In the present case, the causes of misdiagnosis may be summarized as follows. i) The patient was a middle-aged man who presented with a lump in the left chest wall, raising the suspicion of TB. ii) The radiographic changes observed on the thoracic CT scan matched left pulmonary TB and tuberculous pleurisy. iii) The biochemical analysis of the patient's pleural fluid revealed markedly elevated ADA levels (401.20 IU/L), which is characteristic of tuberculous pleurisy. iv) As the patient and his family did not consent to an open biopsy at first, pathological examination was delayed, as were diagnosis and treatment.

There are several clinically important prognostic factors in NHL, including age, serum lactate dehydrogenase level, performance status, Ann Arbor stage and number of extranodal sites. When detected early, there is a better chance for quick diagnosis, timely treatment and improved overall survival. The standard treatment for DLBCL is chemotherapy in combination with immunotherapy (13,14). The most common chemotherapy regimen is CHOP (cyclophosphamide, doxorubicin, vincristine and prednisone) plus rituximab for CD20+ patients. Additionally, autologous hematopoietic stem cell transplantation remains a treatment of choice for DLBCL patients with chemotherapy-sensitive disease relapse (15,16).

Acknowledgements

Not applicable.

Funding

The present study was supported by Key Discipline (Oncology) in Medical Sciences of Jiaxing City (grant no. 04-F-14), and the Science and Technology Project of Jiaxing City (grant no. 2016AY23041).

Availability of data and materials

Not applicable.

Authors' contributions

XY and XX analyzed and interpreted the patient data regarding the lymphoma and the infectious condition. BS, QZ and XY conducted the final diagnosis of lymphoma based on the immunohistochemical and PET-CT results. BS made substantial contributions to the acquisition of the complete medical charts of the patient for this case report. QZ conducted the literature search and summarization during the whole process. YZ was a major contributor in drafting the manuscript. The final version of the manuscript has been read and approved by all authors.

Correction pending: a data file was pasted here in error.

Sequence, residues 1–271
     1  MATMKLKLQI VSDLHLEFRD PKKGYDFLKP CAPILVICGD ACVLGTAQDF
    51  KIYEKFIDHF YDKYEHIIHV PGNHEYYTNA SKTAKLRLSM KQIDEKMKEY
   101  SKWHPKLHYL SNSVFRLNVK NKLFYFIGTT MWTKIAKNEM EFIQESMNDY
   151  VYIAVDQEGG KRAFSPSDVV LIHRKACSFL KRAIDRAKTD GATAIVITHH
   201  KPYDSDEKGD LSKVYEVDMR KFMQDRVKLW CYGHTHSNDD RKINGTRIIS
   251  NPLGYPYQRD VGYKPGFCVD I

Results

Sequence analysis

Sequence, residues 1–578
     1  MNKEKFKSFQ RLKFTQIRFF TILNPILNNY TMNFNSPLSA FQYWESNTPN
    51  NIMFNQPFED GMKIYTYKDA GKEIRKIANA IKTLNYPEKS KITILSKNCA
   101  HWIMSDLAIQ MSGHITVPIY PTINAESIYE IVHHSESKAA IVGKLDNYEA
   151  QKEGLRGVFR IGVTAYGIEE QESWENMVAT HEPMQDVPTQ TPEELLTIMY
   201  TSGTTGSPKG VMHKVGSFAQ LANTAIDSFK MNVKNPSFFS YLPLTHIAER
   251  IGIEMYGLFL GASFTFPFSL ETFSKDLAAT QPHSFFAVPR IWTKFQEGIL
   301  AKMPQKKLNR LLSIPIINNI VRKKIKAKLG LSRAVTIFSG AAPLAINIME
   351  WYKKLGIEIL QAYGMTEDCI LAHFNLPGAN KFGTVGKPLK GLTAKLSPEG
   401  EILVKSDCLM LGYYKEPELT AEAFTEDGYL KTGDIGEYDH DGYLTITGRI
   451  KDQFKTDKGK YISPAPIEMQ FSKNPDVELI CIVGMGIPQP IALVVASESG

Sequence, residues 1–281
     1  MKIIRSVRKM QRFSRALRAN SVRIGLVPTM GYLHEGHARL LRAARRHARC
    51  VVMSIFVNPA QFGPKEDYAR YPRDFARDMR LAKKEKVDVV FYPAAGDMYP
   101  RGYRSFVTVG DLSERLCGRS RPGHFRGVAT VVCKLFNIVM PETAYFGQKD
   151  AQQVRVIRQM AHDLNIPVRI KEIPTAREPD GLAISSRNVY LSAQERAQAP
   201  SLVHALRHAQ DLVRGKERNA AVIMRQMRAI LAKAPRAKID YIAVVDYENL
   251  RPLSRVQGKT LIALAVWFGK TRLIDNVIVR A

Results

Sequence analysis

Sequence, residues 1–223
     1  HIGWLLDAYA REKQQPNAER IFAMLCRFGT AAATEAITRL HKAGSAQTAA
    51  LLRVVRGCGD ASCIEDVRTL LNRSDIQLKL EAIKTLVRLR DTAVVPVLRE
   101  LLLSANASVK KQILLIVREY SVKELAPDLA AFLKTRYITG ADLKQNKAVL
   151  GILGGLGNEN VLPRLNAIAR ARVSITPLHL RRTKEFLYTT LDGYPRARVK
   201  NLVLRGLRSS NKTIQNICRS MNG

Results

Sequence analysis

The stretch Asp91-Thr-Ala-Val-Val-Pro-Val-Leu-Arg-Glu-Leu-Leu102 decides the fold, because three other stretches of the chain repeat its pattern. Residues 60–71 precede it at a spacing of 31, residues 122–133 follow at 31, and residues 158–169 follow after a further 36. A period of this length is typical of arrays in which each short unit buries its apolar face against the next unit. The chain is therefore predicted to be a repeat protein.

Ethics approval and consent to participate

The present study meets all applicable standards with regard to the ethics of experimentation and research integrity, and has been approved by the Ethics Committee of the First Hospital of Jiaxing.

Consent for publication

Written informed consent has been obtained from the patient and his family for the publication of the case details and associated images.

Competing interests

The authors declare that they have no competing interests.

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June 2018
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Copy and paste a formatted citation
APA
Yang, X., Xu, X., Song, B., Zhou, Q., & Zheng, Y. (2018). Misdiagnosis of primary pleural DLBCL as tuberculosis: A case report and literature review. Molecular and Clinical Oncology, 8, 729-732. https://doi.org/10.3892/mco.2018.1601
MLA
Yang, X., Xu, X., Song, B., Zhou, Q., Zheng, Y."Misdiagnosis of primary pleural DLBCL as tuberculosis: A case report and literature review". Molecular and Clinical Oncology 8.6 (2018): 729-732.
Chicago
Yang, X., Xu, X., Song, B., Zhou, Q., Zheng, Y."Misdiagnosis of primary pleural DLBCL as tuberculosis: A case report and literature review". Molecular and Clinical Oncology 8, no. 6 (2018): 729-732. https://doi.org/10.3892/mco.2018.1601